In reading coronavirus news stories about lifeguard parties, fraternity keggers and crowds of maskless 20-somethings packing into bars, it’s easy to put a lot of blame on young people for spreading the virus. But data collection agency Zenreach has some somewhat surprising news: more young Baby Boomers have resumed their bar-going and clubbing habits than any other age group.
Many Millennials began the lockdown phase trading dramatic stories over eye-rolls about their Baby Boomer parents – who, as seniors, comprise part of the group most at risk for the most serious complications from catching the coronavirus — cavorting around town and complaining about missing their grandkids instead of staying tucked in tight at home. But as spring turned into summer, these stories dwindled out, and it seems no one has actually measured any of this anecdotal evidence for truth.
So as we hit the 200,000 coronavirus death in the United States, here are the numbers, according to Zenreach’s measurements of foot traffic and demographics. As of August 27, bar and nightclub traffic for Americans between the ages of 55 and 64 had reached 33.7% of its normal, pre-COVID, levels. Between April 1 and the end of August, that age group’s traffic increased 20.4%. Both figures come in higher than those of any other age cohort.
According to CNN, sociologists generally define Baby Boomers as those born between 1945 and 1964, meaning that they currently range in age from around 56 to 75. The Zenreach analysis broke Boomers into two groups, with age 65 as the dividing line.
Older boomer barhopping is trending slightly lower than that of their younger boomer counterparts but still demonstrates higher bar activity than every other generation on the three dates assessed: April 1, June 1 and August 27. Those 65 and older have also gone back to their usual habits more readily than younger generations.
Gen Xers and older Millennials showed more willingness to participate in these risky behaviors than did younger adults (aged 21-34) who straddle Gen Z and Millennial age. In fact, if one removes the 65+ cohort, data shows people as less likely to patronize a bar or club they younger they get. For instance, traffic for younger boomers dropped to 27.3% of normal on June 1, six weeks after the country began shutting down to prevent COVID contagion. For 21-24-year-olds, that number was 24.2%. By August 27, young Gen Zers’ lockdown-period traffic had increased by 17.5% since April 1.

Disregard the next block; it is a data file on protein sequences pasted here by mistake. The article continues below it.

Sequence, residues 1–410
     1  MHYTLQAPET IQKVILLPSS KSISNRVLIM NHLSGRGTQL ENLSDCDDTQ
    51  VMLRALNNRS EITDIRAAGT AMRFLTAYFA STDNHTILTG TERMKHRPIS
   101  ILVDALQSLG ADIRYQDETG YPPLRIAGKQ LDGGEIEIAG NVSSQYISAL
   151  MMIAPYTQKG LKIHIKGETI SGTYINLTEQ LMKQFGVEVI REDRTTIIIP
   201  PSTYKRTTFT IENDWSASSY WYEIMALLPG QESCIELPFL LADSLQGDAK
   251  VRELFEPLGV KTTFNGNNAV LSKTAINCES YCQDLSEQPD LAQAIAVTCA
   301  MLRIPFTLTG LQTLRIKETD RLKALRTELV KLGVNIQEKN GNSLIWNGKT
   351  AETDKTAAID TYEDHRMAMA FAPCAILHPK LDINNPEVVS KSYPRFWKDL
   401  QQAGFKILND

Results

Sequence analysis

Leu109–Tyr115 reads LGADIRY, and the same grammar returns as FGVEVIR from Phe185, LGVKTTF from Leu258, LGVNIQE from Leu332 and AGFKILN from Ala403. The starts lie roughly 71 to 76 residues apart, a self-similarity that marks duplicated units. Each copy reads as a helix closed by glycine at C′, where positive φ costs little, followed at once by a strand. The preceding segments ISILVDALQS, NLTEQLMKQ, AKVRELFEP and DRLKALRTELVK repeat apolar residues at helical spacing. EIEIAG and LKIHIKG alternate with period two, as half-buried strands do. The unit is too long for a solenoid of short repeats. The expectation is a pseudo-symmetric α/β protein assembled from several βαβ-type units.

Though the data does not attempt to correlate the spread with these activities, it’s well-known that drinking and eating establishments offer a prime opportunity for COVID-positive people to pass contagious aerosols to fellow patrons. In early September, the Centers for Disease Control released the findings of an investigation that found half of symptomatic COVID patients reported spending time at an indoor or outdoor restaurant in the two weeks prior. And in June, Asaf Bitton, executive director of Ariadne Labs at Brigham and Women’s Hospital and the Harvard T.H. Chan School of Public Health, told the New York Times
So, ok, boomers, what’s the deal?
Political affiliation and news viewing habits, it seems, likely explain this phenomenon.
The Pew Research Center has conducted many surveys over the past two years that show older Americans more consistently than younger generations identifying as Republican and watching conservative news outlets (like Fox news), which have played down the pandemic’s threat.
In early July Pew reported that older adults reported themselves far more likely to believe President Trump’s messaging on the risks of the virus and giving him significantly higher ratings on his handling of it. The same survey found older adults following pandemic news much more closely than younger news consumers. While this article doesn’t specify where they’re getting their news, in another article, the organization writes, “Americans ages 65 and older account for around four-in-ten of those who say their main source is Fox News (37%), compared with 21% of all adults. … People who cite Fox News as their main source of political news are older … than U.S. adults overall.”
The New York Times has reported that in 2015 (evidently the most recent figure available) the median age of a prime-time Fox News viewer was 68. And in 2013, Gallup reported that 94% of Fox viewers “Either identify as or lean Republican.”
This summer, a judge dismissed a lawsuit against Fox that claimed the network had spread misinformation about the disease. The dismissal came on First Amendment grounds. In March, Fox’s flagship personality, Sean Hannity, responded to similar accusations by several dozen journalism professors by saying, “Go to my website and you’ll see irrefutable evidence that I have taken this seriously way before most in the media did. I warned in January that it was dangerous because it was highly contagious, but some people were asymptomatic, so it would spread quickly.”
That said, the indicators of older Americans’ behaviors vis a vis the virus line up enough to at least suggest possible correlation (if not causation) between their news habits, political leanings and willingness to participate in known risk-prevention activities like avoiding bars. So maybe next time your parents say they’re going out for happy hour, instead of futilely screaming at them not to, perhaps try sneaking in their house while they’re gone to furtively change the TV channel.